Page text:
Kicking Breast Cancer's Butt

Daily Archives: May 2, 2013

Notes about me:  I have been able to go back to work and sit in my little cluttered office and interact with my team.  My one frustration is that in a week we move to a new building and “the powers that be” who plan space and decide the value of staff are dead set on breaking up teams.  My office will be in a room of small cubicles and in a different building from my manager and team.  I suspect the one benefit is I will be working from home more and can be near Tina, because the cube rooms are terrible for productivity and there really is no value to me driving to Redmond to be in a different building vs just working over the net.

Yesterday was Tina’s first Chemo day.  Lots of stuff going on.

First of all we have asked SCCA for a new medical oncologist.  Over the last few days we had a severe personality conflict.  Tina and I are intelligent people who get value and avoid stress by understanding what’s going on.  I also manage processes and often do projects where I broker communication.  Our oncologist seems TO US annoyed, if not a bit threatened, when we ask questions, or wanted to understand the value in repeating a very painful biopsy that was done just four weeks prior.  In the end we were right, there was no need for the test, but to the very end the oncologist was dedicated to justifying the original request, even though the gyno oncologist when asked, quickly confirmed our suspicions that the painful test was not needed twice.

At one point when the Oncologist could not answer what the value of doing the same painful biopsy was, the oncologist pulled the “And where did you get your advanced medical degree” card. Really.. that is the best you have after 10 years in Med school etc?   I pulled the “I am a professional project manager and work at creating clear communication between project stake holders all the time” card.  Education doesn’t intimidate me…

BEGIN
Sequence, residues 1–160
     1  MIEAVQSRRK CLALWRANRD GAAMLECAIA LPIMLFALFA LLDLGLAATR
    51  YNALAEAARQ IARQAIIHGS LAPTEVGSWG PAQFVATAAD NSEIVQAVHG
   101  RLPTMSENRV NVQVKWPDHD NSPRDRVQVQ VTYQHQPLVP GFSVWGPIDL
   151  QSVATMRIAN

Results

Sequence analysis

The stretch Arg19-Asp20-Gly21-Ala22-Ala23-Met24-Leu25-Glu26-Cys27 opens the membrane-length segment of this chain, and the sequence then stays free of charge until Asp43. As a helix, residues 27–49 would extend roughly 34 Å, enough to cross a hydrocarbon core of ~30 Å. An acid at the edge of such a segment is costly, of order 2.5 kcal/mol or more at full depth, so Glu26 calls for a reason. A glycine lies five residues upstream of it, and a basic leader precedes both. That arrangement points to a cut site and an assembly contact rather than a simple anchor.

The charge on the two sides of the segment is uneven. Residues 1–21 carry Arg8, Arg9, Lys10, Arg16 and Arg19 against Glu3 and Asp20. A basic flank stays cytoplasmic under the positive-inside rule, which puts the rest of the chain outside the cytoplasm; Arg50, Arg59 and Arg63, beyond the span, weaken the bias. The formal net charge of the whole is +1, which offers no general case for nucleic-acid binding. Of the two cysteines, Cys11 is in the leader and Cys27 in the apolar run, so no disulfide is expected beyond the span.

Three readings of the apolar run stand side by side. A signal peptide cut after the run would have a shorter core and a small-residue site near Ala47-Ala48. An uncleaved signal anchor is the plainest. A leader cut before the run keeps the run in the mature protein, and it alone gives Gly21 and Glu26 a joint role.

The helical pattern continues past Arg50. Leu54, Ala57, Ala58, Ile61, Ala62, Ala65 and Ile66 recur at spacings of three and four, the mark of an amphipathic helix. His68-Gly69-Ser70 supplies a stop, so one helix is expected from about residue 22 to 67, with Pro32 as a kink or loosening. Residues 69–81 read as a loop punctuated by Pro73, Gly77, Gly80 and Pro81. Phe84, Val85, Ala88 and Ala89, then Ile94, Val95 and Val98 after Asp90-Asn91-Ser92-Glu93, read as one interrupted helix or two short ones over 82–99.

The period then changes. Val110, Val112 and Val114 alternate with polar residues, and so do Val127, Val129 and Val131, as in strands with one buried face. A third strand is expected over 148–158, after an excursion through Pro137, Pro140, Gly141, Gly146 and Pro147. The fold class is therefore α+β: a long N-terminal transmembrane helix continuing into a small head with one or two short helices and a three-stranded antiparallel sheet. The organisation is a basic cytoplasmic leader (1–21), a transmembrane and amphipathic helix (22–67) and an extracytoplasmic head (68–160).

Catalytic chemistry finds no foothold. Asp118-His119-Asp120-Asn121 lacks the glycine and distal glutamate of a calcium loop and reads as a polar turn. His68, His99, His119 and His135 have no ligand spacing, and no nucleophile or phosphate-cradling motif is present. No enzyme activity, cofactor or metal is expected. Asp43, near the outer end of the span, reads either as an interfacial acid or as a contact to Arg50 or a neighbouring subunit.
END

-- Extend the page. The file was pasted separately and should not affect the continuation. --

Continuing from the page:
I may not be a trained car mechanic, but when my mechanic wants to flush my transmission twice in a month, I am smart enough to question this call.  SCCA’s patient relations rep Connie was a star in helping us get the right answer to our question, keeping Tina from being bullied into a painful unneeded procedure and now helping us find an oncologist that is a better match for us.

Getting Lucky in Chemo

In case you don’t know Chemo drugs are designed to target cells that are actively reproducing at a faster rates.  Given Tina’s tumor grew to a freeking 12 cm in less than year, I am sure our cancer fits that profile. [assuming there are any cancer cells left, remember we are lucky in that this is a proactive after a very successful tumor removal]  Unfortunately for the patient, hair follicles, finger nails, blood cells and the entire lining of your GI tract from mouth to “exit port” also fit the bill.  This is why you lose your hair, need immune treatements and tend to have digestive issues.  Chemo is cumulative so this week’s relatively easy reactions may get worse.. and we are pretty sure her hair head’s hair has few days before it goes. Though for some reason armpit hair isn’t affected.. sigh…   Also digestion and waste clearing goes down hill.. it will recover… but still who wants to have flu-like symptoms for several weeks.